The other common concern is of course affecting real users by increasing tail latencies with extra load for example, or causing an outright outage, and bringing everything down.
The way you work around this is two-fold:
- One, you always ramp up load slowly and over time so that negative effects of extra traffic can be spotted early, and the test run can be paused or stopped. You never go the whole hog from the start. It's important to exercise caution, especially early on, and also to be seen to exercise caution.
- The second part of this is to have your production SLOs and KPIs monitored and for those metrics to be available - for people running tests when they're run manually, and programmatically later on for automation. As an operator of a production load test, you need to have a dashboard which tracks conformance to SLOs, defined in terms of real user experience, and it shows you how close you are to breaching those SLOs. You need to be able to have them right there.
This concern is usually a variation of "are we going to load test our payment processing or physical stock allocation too?" Yes it's true, there will be parts of the system you will not want to exercise, pretty much always. But - think back to that confidence spectrum. You won't exercise 100% of all paths in a production system, or all of the components, but there is value in every shift to the right towards that 100%. Even if you never reach it. Every bit of extra confidence gained is valuable.
That "100% coverage" point is often related to load testing third-party services and dependencies. This has to be decided on a case by case basis, but again: you can always add a load testing specific branch in your code and no-op some operations, or call a mock. It's OK to do that if you have a 10 step process and you're not really testing the last one - you've still tested the other nine.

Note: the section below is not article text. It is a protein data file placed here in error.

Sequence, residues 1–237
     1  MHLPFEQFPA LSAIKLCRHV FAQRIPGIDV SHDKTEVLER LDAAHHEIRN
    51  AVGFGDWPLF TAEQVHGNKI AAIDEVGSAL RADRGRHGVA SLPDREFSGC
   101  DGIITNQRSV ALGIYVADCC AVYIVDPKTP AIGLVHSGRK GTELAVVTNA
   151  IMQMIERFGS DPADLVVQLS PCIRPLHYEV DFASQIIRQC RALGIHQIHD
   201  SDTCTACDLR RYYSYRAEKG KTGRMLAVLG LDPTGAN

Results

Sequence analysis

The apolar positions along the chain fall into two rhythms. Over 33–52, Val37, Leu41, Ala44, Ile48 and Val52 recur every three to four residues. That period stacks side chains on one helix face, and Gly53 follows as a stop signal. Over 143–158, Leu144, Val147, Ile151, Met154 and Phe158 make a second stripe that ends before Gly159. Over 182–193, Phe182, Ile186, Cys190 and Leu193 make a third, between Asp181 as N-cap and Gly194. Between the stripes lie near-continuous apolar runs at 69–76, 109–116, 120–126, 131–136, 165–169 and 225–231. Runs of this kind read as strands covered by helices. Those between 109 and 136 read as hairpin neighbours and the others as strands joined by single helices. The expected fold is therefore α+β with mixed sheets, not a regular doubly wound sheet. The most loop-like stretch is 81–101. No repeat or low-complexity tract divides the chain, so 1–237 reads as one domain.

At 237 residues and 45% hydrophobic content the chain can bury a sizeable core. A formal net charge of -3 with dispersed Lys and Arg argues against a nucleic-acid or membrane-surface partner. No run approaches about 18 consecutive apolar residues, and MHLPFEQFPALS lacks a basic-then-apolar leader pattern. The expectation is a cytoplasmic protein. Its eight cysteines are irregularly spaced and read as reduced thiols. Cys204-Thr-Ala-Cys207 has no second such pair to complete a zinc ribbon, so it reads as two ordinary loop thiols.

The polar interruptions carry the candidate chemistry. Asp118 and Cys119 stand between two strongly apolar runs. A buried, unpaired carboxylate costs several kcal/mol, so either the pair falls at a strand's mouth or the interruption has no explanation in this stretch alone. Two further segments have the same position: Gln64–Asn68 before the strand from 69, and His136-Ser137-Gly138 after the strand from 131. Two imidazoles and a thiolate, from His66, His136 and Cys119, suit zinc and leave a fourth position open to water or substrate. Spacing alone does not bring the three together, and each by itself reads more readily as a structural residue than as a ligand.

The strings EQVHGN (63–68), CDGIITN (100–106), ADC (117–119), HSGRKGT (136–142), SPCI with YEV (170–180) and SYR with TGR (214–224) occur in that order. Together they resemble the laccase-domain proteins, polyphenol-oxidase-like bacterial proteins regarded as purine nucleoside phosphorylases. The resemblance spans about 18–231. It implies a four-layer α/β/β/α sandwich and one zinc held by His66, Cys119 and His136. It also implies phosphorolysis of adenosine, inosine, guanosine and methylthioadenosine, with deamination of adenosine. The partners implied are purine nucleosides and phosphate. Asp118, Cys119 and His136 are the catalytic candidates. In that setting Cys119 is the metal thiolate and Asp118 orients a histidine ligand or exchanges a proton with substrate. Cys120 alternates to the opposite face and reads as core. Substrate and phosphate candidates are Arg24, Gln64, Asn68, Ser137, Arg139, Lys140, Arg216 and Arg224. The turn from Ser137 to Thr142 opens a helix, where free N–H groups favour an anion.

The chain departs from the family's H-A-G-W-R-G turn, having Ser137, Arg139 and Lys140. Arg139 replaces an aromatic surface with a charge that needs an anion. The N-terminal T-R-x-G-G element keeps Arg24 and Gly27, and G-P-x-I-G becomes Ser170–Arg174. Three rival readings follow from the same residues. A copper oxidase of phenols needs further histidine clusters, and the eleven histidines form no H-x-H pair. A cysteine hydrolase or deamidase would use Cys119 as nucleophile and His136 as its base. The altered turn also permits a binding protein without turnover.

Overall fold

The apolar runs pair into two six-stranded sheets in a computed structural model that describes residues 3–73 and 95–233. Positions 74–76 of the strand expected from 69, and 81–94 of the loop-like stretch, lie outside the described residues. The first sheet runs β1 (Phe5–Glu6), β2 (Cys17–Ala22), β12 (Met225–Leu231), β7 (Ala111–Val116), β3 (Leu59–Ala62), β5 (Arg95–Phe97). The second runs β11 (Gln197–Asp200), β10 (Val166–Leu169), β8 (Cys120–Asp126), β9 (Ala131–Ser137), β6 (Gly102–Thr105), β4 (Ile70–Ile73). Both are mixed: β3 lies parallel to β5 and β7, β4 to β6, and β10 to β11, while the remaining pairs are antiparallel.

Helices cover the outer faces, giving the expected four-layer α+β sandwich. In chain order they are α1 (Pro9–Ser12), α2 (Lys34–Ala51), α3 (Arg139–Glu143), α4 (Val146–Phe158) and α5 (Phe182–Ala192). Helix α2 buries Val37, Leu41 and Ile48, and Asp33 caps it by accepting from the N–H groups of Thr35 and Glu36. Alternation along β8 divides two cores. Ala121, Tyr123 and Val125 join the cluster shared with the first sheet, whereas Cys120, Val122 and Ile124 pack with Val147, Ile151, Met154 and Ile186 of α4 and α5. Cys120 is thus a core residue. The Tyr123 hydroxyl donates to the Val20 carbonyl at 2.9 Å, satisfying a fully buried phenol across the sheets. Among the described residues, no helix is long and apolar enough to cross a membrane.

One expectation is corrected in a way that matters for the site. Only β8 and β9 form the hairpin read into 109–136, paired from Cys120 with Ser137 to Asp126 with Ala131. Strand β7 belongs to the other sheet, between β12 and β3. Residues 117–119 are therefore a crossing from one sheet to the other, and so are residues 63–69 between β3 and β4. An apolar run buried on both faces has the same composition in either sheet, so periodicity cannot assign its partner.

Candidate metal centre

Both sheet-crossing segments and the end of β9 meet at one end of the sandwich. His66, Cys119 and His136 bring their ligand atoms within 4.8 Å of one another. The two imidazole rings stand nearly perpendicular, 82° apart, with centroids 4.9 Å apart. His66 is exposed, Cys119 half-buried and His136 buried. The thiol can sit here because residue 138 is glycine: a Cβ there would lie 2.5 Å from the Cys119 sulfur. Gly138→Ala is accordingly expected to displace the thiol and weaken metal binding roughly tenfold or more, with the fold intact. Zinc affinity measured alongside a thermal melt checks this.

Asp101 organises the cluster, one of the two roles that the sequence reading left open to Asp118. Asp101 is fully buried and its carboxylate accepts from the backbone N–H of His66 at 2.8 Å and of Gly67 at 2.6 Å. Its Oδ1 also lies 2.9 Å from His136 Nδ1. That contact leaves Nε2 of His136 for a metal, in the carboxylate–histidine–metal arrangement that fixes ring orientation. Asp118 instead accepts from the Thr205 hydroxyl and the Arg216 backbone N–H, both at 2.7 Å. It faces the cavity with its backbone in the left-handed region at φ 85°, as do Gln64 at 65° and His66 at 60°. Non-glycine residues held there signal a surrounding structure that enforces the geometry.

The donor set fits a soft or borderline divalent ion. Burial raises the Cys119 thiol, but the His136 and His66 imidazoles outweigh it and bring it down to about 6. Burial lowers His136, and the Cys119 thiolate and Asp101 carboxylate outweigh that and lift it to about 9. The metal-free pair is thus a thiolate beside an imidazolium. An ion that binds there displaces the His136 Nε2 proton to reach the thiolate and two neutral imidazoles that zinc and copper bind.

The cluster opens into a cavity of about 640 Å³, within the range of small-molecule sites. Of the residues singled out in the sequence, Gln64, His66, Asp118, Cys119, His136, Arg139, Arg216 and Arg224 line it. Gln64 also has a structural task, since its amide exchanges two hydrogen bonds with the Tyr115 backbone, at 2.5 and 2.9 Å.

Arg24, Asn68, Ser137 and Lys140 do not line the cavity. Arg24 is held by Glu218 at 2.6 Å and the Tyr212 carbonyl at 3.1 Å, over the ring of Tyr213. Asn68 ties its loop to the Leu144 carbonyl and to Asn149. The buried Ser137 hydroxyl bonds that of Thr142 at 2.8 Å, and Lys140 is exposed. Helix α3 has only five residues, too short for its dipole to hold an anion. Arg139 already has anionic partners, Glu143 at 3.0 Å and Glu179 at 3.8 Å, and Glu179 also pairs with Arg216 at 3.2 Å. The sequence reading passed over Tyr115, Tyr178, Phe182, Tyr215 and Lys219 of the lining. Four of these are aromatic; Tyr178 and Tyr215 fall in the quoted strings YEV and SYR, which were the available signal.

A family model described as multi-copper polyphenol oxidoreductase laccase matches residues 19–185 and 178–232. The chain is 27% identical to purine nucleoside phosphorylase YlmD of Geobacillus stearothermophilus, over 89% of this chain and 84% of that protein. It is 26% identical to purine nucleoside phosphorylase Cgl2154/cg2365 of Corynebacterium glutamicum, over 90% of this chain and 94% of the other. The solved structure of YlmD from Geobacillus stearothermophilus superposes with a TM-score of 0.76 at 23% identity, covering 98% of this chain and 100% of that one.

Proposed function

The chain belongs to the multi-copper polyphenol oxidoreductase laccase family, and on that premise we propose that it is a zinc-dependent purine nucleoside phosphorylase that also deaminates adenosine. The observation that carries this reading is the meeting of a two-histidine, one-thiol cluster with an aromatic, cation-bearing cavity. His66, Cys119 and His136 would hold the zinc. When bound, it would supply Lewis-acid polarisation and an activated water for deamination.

Adding extra production traffic will use additional resources, both to generate that traffic and to serve it. The call of whether it's worth has to be made on a case-by-case basis but it ultimately boils down to whether generating and serving extra traffic is going to be more expensive than suffering downtime or degraded response times affecting UX. The arguments against this could probably be used against other kinds of testing, like spending time to write unit tests, or paying for non-prod environments, and you probably have both of those.
Not to go all sales on you, but this is our blog after all, so we're going to briefly mention a few things we built into Artillery that make it a pretty good choice for production load testing. It's all open source too, give it a try!
Artillery does distributed load testing out-of-the box, it runs from your own infra (your own AWS account), and it's completely serverless. This makes running production-scale workloads pretty straightforward:
- You can generate high load (whether it's 100k RPS or 10M RPS) by scaling out horizontally, on AWS Lambda or AWS Fargate. There is no long-lived infra to set up or manage.
- You can generate load from multiple regions, 16 of them in fact.
Monitoring & observability are critical for running load tests in production. Artillery comes with integrations with several popular systems (Datadog, CloudWatch, Honeycomb, Lightstep and more) out of the box.
Artillery was designed to emulate complex transactional workflows with dependent steps, request chaining, parameterization & randomization, and weighting. It also offers a variety of ways to shape the traffic, with ramp up and ramp down phases for example.
Production systems usually deal with high load, and you need to be able to generate enough synthetic load, and do it without breaking the bank. Artillery runs in your own AWS VPC, using AWS Lambda or Fargate, to provide the most cost-efficient way of running load tests at scale. It has built-in cost estimation too.
In Part II of this guide we will look at a roadmap of how we'd go from zero to a production load scale: Load Testing In Production, Part II.